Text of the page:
Austin: What do you mean?
- Cleverly inverted in the scene where Scott Evil wonders why they are going to all the trouble of putting Austin and Vanessa into a Death Trap.
- In Talladega Nights: The Ballad of Ricky Bobby, Cal Naughton Jr. just doesn't seem to understand why his friendship with Ricky Bobby should be affected by something trivial like Cal sleeping with Ricky's wife.
- It's a popular phrase in film.
- One sketch on All That has Superdude, played by Kenan Thompson, being confronted by an impostor played by an 11-year-old Amanda Bynes wearing a copy of his costume. The townspeople, incapable of determining the fraud based on physical appearance, are further unable to distinguish the difference in Power Levels when they see Superdude bending a giant pipe and the impostor tearing up a piece of paper.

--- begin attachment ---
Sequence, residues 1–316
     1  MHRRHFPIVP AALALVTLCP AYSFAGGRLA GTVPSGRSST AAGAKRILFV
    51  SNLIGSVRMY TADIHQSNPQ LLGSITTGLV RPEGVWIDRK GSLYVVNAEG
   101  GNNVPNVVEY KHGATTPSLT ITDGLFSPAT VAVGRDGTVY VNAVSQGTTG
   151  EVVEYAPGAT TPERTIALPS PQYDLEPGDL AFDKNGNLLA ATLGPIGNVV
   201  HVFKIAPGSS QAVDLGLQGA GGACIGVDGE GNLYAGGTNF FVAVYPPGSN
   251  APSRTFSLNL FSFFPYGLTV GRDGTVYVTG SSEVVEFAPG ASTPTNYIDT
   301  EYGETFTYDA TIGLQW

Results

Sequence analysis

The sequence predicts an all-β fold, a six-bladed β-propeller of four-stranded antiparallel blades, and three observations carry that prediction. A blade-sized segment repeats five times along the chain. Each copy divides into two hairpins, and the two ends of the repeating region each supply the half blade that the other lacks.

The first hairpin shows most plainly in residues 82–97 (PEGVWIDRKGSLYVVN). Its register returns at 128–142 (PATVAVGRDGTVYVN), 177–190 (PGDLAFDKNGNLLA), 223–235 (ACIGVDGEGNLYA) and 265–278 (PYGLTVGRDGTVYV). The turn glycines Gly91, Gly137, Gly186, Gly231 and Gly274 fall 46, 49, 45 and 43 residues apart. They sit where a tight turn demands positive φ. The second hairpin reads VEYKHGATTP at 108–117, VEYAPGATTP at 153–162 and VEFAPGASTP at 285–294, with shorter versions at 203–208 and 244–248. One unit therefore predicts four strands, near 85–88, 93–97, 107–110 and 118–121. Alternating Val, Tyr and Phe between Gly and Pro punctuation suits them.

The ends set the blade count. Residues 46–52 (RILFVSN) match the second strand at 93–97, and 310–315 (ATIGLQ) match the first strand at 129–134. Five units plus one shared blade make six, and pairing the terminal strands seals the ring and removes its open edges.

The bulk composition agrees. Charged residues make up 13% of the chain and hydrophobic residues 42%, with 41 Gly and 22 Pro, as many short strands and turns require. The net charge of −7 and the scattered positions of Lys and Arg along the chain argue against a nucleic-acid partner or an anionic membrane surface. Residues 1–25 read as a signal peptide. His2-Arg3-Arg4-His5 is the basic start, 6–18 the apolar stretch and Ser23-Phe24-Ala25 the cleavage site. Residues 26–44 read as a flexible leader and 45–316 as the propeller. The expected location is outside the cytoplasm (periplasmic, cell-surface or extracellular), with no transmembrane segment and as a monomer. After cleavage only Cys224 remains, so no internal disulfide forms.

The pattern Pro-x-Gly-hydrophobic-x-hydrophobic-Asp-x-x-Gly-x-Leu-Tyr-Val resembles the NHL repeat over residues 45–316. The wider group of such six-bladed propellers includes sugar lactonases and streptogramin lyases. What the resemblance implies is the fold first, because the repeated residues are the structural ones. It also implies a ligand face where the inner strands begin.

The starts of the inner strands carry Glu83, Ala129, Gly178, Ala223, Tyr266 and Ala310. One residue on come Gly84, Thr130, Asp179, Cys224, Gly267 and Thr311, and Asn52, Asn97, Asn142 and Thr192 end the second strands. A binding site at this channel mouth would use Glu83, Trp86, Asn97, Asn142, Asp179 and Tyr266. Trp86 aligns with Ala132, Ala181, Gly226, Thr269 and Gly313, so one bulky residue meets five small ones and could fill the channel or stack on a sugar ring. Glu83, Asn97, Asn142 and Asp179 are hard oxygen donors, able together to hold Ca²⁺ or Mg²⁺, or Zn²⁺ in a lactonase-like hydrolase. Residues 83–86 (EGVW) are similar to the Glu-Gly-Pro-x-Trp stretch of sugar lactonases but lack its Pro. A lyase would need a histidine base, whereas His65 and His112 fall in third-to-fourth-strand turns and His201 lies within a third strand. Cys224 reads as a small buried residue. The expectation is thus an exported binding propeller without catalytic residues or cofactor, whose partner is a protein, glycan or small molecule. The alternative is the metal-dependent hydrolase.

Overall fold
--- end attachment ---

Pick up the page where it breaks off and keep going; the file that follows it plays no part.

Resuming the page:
- To be fair, the impostor got a Theme Music Power-Up just as Superdude did.
- Russell Hantz still has no idea why he lost Survivor twice in a row, despite everyone from interviewers to fellow contestants, to Jeff Probst himself explaining that you just can't piss off the people who will be casting the votes that decide whether or not you get the million. Instead (like some of the Hantz Nation), he's going with the theory that the game is flawed - especially since the two girls he lost to beat him by being less reprehensible than himself. Even Parvati was seen as the lesser of two evils in Heroes vs. Villains (and received three jury votes).
- He and his allies also didn't realize why he was evicted from Redemption Island so early despite that unlike the first two times he played, people knew who he was, and he had made no visible effort to change his game. (There is more or less no excuse outside of having never seen the show before for not knowing Russell's game by now.)